Novel IPAH Mutations Found in Chinese Patients, Study Reports 

Novel IPAH Mutations Found in Chinese Patients, Study Reports 
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Newly identified mutations that contribute to a higher susceptibility of idiopathic pulmonary arterial hypertension (IPAH) in people from China, were found in a pathway commonly targeted by therapies that dilate blood vessels (vasodilators), a new study reports. 

The authors suggested that screening for these mutations may improve personalized treatments for patients taking these medications.

The study, “Association of Rare PTGIS Variants With Susceptibility and Pulmonary Vascular Response in Patients With Idiopathic Pulmonary Arterial Hypertension,” was published in the journal JAMA Cardiology

Research has identified mutations in at least 17 genes linked to the development of PAH. However, these mutations explain only a small proportion of the cases. For example, mutations in the gene most associated with IPAH, known as BMPR2, are responsible for about 17% of IPAH cases

Despite this knowledge, current therapies do not target pathways involving these genes. Instead, therapies that open (dilate) blood vessels, called vasodilators, are commonly prescribed to replace the naturally occurring vasodilator prostacyclin, because prostacyclin production is significantly decreased during PAH development.

Despite these advances, little is known about genetic mutations (variants) in genes that are part of the prostacyclin pathway that may influence the development and treatment of IPAH. 

Thus, to identify unknown prostacyclin pathway genes associated with IPAH, a team led by researchers based at the Chinese Academy of Medical Sciences and Peking Union Medical College in China conducted an extensive genetic analysis of people with IPAH without BMPR2 variants. 

A total of 230 IPAH patients without BMPR2 mutations (average age 34 years, 164 females and 66 males) were identified and recruited for the study. Of these, 42 patients were selected for a discovery phase (including 10 pediatric patients) to identify genes linked to IPAH.

The remaining 188 patients, along with 968 healthy controls, were part of a replication group used to validate findings of the discovery phase. 

DNA analysis in the discovery group revealed that only 15 genes harbored rare variants shared by three or more people with IPAH, and four of these genes were abundantly active in the lung. Of these, mutations were identified in the PTGIS gene that contains the instructions for making an enzyme called prostacyclin synthase, which has a key role in prostacyclin production. That’s why this gene was chosen for further study.

When looking at the replication group, researchers identified a total of 14 patients (6.1%, 14 of 230 patients), including two pediatric cases, who carried mostly one of three rare PTGIS mutations that were predicted by computer analysis to affect prostacyclin synthase function.

A clinical assessment of these 14 patients found that most were diagnosed with IPAH at a young age (median of 26 years), and a significant sex bias was observed with a female-to-male ratio of 6-to-1.

Further analysis of 12 of these 14 patients found that, compared to those without PTGIS mutations, treatment with the synthetic version of prostacyclin, inhaled Ventavis (iloprost, marketed by Actelion), significantly decreased the pulmonary vascular resistance — how hard the heart works to pump blood through pulmonary vessels — and increased the cardiac index, a measure of heart performance.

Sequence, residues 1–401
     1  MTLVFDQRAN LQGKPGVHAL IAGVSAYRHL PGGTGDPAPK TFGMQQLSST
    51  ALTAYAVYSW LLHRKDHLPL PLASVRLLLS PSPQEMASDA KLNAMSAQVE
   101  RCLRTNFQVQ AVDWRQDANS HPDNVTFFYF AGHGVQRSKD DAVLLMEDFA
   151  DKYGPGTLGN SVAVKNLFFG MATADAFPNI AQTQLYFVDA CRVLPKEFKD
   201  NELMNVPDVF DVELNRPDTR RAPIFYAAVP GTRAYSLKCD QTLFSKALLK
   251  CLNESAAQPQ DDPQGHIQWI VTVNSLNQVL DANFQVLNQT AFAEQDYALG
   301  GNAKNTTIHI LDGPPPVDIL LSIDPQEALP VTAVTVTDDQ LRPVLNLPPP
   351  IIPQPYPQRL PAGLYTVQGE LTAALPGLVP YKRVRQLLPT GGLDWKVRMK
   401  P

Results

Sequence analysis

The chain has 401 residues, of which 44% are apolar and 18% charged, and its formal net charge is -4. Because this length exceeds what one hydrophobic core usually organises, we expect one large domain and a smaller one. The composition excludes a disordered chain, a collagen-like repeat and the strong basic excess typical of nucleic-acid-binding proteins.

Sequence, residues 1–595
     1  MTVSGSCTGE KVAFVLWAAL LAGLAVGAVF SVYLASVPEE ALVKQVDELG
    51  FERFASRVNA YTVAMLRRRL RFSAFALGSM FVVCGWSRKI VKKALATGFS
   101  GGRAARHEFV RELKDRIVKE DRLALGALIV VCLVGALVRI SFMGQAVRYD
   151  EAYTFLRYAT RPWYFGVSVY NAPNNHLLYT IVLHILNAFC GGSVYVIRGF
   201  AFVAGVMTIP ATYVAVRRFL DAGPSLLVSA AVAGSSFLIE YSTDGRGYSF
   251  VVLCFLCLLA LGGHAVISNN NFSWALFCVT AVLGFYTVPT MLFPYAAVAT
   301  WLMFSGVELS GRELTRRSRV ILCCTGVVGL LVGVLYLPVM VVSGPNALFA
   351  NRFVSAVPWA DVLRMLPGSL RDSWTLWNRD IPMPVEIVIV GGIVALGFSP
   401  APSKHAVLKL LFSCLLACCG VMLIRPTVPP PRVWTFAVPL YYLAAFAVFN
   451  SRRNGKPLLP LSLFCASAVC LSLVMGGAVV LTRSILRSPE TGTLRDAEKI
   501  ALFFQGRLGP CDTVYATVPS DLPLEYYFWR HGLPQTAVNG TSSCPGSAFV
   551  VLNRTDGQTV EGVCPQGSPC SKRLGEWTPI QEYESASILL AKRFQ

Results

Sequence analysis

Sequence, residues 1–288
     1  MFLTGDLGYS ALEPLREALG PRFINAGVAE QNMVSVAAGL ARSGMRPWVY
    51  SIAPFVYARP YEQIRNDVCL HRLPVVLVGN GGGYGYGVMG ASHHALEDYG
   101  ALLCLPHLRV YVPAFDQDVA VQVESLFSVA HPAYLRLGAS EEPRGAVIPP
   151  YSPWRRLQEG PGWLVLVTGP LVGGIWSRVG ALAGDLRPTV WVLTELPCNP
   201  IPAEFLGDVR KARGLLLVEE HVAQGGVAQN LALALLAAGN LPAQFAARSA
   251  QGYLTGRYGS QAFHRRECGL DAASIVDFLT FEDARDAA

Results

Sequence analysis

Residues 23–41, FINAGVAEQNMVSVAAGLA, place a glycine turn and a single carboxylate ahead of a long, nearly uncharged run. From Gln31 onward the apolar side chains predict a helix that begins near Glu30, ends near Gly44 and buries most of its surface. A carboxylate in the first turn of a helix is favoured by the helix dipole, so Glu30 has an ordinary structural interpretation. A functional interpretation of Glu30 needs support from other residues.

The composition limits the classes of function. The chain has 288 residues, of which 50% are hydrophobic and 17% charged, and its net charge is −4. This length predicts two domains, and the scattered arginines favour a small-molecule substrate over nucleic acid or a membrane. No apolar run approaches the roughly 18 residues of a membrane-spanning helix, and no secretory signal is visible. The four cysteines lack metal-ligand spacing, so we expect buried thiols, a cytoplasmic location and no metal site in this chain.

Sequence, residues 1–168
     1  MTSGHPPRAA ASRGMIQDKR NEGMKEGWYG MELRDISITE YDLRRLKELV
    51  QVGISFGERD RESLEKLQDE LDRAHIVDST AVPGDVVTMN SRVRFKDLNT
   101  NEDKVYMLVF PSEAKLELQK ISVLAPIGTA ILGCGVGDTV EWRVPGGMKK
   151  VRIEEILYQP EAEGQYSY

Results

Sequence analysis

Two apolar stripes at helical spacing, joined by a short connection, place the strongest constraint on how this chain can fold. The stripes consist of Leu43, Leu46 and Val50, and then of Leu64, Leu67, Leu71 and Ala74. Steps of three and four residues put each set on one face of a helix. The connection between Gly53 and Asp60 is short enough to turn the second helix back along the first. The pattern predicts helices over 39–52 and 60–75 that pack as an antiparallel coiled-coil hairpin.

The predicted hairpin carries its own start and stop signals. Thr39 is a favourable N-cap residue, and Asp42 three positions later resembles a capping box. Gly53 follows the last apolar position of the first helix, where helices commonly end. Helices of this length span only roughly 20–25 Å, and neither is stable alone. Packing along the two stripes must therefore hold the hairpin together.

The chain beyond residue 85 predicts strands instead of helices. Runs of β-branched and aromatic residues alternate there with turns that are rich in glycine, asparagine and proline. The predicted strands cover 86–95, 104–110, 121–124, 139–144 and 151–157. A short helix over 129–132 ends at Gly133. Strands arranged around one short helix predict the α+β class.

“Thus, genetic variants of PTGIS predisposed pulmonary vascular responses to the iloprost stimulation,” researchers wrote. “Patients carrying rare PTGIS variants were more responsive to iloprost stimulation than those without such variants.”

Cell-based tests showed that these three PTGIS mutations were “loss-of-function” mutations that led to either a lack of prostacyclin synthase production or lower enzyme activity.

Overall, the team “identified 3 rare loss-of-function variants in the PTGIS gene from 2 independent cohorts with IPAH,” the researchers wrote.

“The rare variants of the PTGIS gene appear to contribute [to a] higher susceptibility to idiopathic pulmonary arterial hypertension, and screening of PTGIS variants may help improve personalized treatment of these patients,” the team concluded.

Steve holds a PhD in Biochemistry from the Faculty of Medicine at the University of Toronto, Canada. He worked as a medical scientist for 18 years, within both industry and academia, where his research focused on the discovery of new medicines to treat inflammatory disorders and infectious diseases. Steve recently stepped away from the lab and into science communications, where he’s helping make medical science information more accessible for everyone.
Total Posts: 329
Patrícia holds her PhD in Medical Microbiology and Infectious Diseases from the Leiden University Medical Center in Leiden, The Netherlands. She has studied Applied Biology at Universidade do Minho and was a postdoctoral research fellow at Instituto de Medicina Molecular in Lisbon, Portugal. Her work has been focused on molecular genetic traits of infectious agents such as viruses and parasites.
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Steve holds a PhD in Biochemistry from the Faculty of Medicine at the University of Toronto, Canada. He worked as a medical scientist for 18 years, within both industry and academia, where his research focused on the discovery of new medicines to treat inflammatory disorders and infectious diseases. Steve recently stepped away from the lab and into science communications, where he’s helping make medical science information more accessible for everyone.
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